While processes such as ERM and BCM can help companies avoid supply chain disruptions and recover normal operations quickly, they also have serious limitations. To begin with, they rely too heavily on risk identification. In a complex and turbulent global supply network, many of the risks that a company faces are unpredictable or unknowable before the fact. These “emergent” risks are often triggered by improbable events whose causes are not understood, and their potential cascading effects are difficult to understand a priori. Clearly, it would be impractical for companies to identify and investigate all the potential risks that may be hidden in their global supply chains.
Second, ERM and BCM depend on statistical information that may not exist. Risk assessments are limited by the quality and credibility of the assumptions upon which they are based, and faulty assumptions or data can lead to misallocation of resources. Of particular challenge are low-probability, high-consequence events for which there is little empirical knowledge; managers may underestimate the probabilities of these events or the magnitudes of their consequences because they have never experienced them.8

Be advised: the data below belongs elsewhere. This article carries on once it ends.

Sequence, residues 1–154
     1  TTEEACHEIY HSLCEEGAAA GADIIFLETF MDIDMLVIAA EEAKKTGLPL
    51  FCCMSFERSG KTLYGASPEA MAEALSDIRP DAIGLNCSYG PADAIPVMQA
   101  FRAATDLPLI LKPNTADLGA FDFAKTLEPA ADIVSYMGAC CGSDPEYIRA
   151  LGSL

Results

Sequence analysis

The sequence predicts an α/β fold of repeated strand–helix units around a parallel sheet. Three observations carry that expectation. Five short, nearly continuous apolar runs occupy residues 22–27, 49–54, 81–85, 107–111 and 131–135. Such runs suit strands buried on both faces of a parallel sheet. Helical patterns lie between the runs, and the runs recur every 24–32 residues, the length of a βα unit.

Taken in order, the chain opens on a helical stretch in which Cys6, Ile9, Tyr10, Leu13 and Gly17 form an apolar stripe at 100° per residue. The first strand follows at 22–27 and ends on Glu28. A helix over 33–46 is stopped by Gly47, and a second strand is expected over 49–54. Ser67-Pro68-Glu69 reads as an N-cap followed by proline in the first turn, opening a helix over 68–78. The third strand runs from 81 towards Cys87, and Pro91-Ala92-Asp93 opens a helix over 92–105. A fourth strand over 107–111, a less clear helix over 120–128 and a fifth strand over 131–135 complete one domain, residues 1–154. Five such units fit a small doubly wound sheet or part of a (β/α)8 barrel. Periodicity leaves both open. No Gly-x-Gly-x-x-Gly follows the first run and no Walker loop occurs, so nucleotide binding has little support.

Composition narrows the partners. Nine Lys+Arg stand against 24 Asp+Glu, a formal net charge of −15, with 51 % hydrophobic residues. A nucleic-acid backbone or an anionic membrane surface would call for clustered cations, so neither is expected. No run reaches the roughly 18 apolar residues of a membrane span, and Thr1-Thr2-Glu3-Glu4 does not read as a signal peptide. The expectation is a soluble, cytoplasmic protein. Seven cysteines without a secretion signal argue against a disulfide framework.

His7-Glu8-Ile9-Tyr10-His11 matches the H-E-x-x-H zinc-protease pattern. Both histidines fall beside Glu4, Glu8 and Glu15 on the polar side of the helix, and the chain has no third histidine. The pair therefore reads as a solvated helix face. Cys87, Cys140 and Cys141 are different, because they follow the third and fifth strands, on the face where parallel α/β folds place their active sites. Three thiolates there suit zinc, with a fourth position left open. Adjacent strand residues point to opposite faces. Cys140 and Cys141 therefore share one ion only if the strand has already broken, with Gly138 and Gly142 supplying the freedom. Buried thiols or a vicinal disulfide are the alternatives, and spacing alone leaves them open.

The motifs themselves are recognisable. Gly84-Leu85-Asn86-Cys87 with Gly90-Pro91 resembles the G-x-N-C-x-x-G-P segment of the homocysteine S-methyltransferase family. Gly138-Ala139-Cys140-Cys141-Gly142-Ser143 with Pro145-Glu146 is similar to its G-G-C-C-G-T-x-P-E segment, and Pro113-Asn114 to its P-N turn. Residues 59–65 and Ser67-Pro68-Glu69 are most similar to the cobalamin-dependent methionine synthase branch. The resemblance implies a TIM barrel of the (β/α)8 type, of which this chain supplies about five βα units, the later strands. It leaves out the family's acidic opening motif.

Third, the traditional ERM process of risk identification, assessment, mitigation and monitoring is based on a simplified, “reductionist” view of the world. Each risk is identified and addressed independently, and hidden interactions are seldom recognized. This procedural approach can lull organizations into a false sense of complacency that could be shattered by an unexpected event (for instance, an oil spill in the Gulf of Mexico). The complex, dynamic nature of global supply chains requires constant vigilance to discern systemic vulnerabilities, as well as exceptional agility and flexibility when disruptions occur.
Finally, traditional risk management is predicated on the goal of returning to a stable operating condition; risks represent potential deviations from this “normal” state. However, a more realistic view is to recognize that every disruption represents a learning opportunity that may suggest shifting to a different state of operations. For example, a company that anticipates increased flooding in Southeast Asia might migrate its supply base elsewhere. Identifying latent opportunities in the risk landscape will enable a company to exploit those opportunities faster than its competitors.
The Need to Cultivate Resilience